This essay The Evolution of Greek Theater has a total of 877 words and 4 pages.
The Evolution of Greek Theater
One of the most famous things related to Ancient Greece is theater. No one is sure who personally started theater, but Greek theater began all theater in Europe and had major influences on plays performed today. Drama was performed for special occasions and as contests, with the playwright and actors winning prizes. Playwrights originally acted, but when contests began, they stopped. Actors were semi-professional and usually selected and paid by the state. The theater was also closely related to religion. Most stories were based on legends, history, or politics. Greek theater slowly evolved using a chorus, masks, comedies and tragedies, and interesting playwrights.
Greek theater slowly evolved. The art of play writing began in the 5th century, and the theatre of Ancient Greece is said to have evolved from religious rites that date back to at least 1200 BC. At that time primitive tribes populated Greece, and the cultured citizens of these tribes performed dances to call the gods. Later, the Greeks began acting out legends of gods and heroes. The first Greek theater was called Theater of Dionysus, and it was located in Athens. It was built against the hills of Acropolis and named for Dionysus, the god of theater, wine, music, and laughter.
Greek theater began with only a chorus, which varied in size from three to fifty. The choruses of men were dressed in goatskins to represent satyrs--beings who were half man and half goat, attending Dionysus. The use of the chorus was more dominant in tragedies than comedies. For the tragedy the chorus was solemn. In comedies it was funny and satirical. The goal of the chorus was to set the mood and heighten dramatic effects. They also added movement, song, and dance to the stage. Most believe the chorus underscored the ideas of the play, provided point-of-view, and focused on issues of the play and implications of the action, established the play\'s ethical system, and participated in the action. The first writer to back away from the chorus and introduce dialogue, masks, and single actor plays was Thespis, and this took place in the middle of the sixth century.
The use of masks in ancient Greek theater drew their origin from the ancient Dionysiac cult. The first writer to use masks was Thespis. The masks were made of wood, linen, or leather. A stone or marble face was used as a mold, and human or animal hair was often added. They eyes were drawn on, but in place of the pupil was a small hole so the actors could see out the mask. The masks covered the entire face, including chin and possibly the neckline. They were often not realistic looking, resembling birds or other animals. They were used for many reasons. Because there were more parts than actors, they had to use different masks. Another reason masks were used was because all the actors were men, making a mask necessary for them to play female roles. Comedy and tragedy masks looked different from each other. Two masks are now used as the symbol for theatre, in memory of its origins in ancient Greece.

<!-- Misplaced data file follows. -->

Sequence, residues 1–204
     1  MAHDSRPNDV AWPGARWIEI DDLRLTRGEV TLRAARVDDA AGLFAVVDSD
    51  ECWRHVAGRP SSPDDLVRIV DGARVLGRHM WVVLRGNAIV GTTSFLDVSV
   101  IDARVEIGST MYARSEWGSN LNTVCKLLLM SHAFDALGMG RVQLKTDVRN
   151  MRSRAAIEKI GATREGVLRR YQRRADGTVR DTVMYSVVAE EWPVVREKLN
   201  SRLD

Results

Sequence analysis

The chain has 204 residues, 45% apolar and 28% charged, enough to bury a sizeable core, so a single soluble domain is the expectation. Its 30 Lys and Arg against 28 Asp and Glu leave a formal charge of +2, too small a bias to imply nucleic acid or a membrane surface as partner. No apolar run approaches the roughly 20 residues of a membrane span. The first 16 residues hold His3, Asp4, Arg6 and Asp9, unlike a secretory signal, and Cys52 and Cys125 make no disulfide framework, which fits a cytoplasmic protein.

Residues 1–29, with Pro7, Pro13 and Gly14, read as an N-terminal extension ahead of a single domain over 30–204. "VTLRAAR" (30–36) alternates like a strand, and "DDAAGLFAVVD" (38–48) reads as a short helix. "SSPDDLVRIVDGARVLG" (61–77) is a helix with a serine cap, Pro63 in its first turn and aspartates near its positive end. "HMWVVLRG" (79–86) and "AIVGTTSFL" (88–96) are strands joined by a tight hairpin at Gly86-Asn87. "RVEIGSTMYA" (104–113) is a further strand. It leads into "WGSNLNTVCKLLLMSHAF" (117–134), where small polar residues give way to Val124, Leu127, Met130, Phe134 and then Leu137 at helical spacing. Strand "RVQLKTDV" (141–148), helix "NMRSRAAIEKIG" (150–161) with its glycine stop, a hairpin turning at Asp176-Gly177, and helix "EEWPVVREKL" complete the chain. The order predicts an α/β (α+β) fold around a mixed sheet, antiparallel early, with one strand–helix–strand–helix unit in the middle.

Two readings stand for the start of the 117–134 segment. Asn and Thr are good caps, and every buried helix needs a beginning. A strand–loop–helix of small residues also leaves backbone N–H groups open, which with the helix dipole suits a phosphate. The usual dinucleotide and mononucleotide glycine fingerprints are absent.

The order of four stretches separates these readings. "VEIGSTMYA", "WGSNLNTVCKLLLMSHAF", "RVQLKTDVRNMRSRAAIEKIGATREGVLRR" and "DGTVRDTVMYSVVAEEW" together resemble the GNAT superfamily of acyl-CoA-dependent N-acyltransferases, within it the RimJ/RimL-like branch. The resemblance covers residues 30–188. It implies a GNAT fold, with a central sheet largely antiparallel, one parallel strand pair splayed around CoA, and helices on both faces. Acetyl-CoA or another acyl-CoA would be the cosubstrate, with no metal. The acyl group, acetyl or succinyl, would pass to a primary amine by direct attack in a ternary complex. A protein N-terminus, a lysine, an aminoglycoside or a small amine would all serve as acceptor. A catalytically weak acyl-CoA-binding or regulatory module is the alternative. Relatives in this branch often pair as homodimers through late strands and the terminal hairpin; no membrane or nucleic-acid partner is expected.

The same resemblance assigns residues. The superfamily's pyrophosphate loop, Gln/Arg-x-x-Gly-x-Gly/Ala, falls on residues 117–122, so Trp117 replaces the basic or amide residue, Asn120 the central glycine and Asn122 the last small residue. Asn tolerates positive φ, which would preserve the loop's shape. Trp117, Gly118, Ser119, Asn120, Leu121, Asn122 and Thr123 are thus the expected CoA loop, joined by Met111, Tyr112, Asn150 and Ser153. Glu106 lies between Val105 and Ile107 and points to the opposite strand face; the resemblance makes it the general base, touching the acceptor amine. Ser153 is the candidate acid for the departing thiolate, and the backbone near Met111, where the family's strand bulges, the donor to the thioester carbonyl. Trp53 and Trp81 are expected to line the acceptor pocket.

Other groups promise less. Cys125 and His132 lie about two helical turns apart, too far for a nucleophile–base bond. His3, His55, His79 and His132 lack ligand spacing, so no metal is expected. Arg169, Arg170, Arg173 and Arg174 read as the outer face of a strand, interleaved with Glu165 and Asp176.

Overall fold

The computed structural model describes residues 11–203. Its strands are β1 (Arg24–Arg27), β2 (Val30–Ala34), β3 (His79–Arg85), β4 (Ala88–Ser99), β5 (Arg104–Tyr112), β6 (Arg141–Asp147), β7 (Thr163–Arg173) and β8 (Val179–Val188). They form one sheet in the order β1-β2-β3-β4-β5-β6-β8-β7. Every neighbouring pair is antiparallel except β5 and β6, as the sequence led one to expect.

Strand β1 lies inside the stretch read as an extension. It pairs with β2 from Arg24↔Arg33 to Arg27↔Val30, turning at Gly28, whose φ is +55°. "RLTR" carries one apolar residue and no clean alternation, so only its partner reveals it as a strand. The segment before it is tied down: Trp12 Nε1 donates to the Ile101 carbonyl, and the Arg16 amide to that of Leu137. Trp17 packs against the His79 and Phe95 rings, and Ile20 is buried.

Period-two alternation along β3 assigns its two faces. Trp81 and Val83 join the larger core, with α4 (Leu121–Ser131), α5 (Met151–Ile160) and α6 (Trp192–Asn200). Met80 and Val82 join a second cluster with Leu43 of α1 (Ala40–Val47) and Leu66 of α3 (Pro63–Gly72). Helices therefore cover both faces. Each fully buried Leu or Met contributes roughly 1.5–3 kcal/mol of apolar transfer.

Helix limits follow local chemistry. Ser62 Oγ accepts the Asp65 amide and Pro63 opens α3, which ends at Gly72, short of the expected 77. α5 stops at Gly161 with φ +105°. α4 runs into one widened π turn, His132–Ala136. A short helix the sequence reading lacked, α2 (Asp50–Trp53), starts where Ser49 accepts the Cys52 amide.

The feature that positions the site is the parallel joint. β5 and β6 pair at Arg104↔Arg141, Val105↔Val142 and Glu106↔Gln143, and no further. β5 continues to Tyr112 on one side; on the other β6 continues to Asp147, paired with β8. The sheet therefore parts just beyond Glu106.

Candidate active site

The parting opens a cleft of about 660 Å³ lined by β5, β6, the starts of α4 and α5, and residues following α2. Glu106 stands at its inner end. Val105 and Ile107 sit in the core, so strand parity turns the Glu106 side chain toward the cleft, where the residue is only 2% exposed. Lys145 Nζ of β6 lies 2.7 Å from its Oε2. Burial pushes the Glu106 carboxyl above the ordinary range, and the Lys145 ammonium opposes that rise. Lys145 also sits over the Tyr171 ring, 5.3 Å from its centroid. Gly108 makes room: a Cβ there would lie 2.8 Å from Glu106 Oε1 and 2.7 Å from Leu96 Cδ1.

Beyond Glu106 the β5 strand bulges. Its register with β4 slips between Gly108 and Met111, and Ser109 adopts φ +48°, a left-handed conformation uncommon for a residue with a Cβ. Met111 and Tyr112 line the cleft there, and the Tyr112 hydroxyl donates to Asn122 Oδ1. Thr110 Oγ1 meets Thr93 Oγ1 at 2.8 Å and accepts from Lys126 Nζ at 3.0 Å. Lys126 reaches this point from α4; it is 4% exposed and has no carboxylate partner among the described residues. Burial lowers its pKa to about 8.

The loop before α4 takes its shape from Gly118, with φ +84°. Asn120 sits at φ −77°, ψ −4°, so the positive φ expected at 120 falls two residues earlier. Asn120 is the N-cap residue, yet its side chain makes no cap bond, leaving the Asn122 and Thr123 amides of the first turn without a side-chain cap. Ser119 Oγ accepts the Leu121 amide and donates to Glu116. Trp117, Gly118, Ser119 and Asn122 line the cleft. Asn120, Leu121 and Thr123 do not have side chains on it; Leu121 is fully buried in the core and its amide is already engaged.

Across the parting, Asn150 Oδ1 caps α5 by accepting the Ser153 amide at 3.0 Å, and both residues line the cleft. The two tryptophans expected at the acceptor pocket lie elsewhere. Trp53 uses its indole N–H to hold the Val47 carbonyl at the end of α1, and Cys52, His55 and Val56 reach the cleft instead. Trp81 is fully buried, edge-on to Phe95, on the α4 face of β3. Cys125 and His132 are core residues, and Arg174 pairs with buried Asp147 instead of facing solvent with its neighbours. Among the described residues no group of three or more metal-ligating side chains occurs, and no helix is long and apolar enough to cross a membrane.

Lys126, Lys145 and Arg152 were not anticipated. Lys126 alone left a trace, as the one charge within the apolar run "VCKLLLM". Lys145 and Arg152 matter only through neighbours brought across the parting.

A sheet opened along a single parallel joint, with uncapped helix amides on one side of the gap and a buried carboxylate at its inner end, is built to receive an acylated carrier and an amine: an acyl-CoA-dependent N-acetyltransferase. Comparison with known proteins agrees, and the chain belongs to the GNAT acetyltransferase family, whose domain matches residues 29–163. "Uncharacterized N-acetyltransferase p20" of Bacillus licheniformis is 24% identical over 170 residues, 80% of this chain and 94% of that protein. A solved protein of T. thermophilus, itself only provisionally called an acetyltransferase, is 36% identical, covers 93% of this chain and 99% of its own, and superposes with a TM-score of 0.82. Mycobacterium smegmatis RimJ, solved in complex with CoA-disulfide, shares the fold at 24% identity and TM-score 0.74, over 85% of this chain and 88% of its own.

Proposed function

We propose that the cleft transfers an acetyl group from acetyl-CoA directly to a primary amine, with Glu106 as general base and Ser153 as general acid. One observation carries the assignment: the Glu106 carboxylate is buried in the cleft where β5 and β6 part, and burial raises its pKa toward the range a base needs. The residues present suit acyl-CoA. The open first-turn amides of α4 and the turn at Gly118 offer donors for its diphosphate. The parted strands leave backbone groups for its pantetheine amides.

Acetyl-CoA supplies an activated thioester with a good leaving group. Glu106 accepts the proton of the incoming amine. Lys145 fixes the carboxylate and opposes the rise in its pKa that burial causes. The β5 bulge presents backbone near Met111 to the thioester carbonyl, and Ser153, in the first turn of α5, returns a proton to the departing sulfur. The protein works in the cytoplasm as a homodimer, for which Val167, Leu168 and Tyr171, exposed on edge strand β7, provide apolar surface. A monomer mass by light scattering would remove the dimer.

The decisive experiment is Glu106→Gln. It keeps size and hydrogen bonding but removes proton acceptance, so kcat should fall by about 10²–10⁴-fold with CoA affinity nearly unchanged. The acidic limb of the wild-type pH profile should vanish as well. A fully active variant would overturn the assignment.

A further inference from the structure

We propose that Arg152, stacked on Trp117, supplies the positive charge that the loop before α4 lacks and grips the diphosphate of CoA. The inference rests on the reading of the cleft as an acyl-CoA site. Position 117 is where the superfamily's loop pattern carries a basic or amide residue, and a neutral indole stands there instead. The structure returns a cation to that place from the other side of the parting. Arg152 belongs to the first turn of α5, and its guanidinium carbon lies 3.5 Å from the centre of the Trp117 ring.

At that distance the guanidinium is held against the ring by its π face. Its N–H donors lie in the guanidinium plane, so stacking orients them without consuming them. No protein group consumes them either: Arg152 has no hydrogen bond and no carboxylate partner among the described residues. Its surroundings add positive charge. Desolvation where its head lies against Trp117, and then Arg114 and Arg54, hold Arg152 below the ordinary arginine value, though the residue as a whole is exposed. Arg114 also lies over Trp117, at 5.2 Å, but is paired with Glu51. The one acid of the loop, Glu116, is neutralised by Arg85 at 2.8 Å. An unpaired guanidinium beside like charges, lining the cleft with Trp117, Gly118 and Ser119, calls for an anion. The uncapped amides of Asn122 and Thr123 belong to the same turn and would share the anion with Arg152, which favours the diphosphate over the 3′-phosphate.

There were two main types of Greek theater in the very beginning, comedy and tragedy. Comedy was the first type of play allowed in theaters. Comedy arose from a ritual in honor of Dionysus. Original Greek comedy is also called “Old Comedy” and is exaggerated, farcical, and sensual. Tragedy was not allowed into the Greek theater until 534 BC. The word tragedy means is derived from the Greek word tragoedia, which means “goat song”. Only thirty-two tragedies have survived. Tragedy stresses the vulnerability of human beings whose suffering is brought on by a combination of human and divine actions. Many tragedies were extremely depressing, and they were often presented in trilogies. Other dramas were also allowed into Greek theater around the time tragedies were allowed.
There were four important playwrights whose works have survived. Aeschylus, Sophocles, and Euripides wrote tragic plays, and Aristophanes wrote comedies. Aeschylus’ works reflected conflict and agony, and seven of his plays have survived throughout history. He is also credited for being the creator of tragic costume. Sophocles wrote about the way people ought to be, making most of his main characters heroes. He is
Topics Related to The Evolution of Greek Theater
Ancient Greek theatre, Cult of Dionysus, Theatre of ancient Greece, Drama, Satyr play, Dionysia, Tragedy, Theatre, Aristophanes, Thespis, Aeschylus, Euripides
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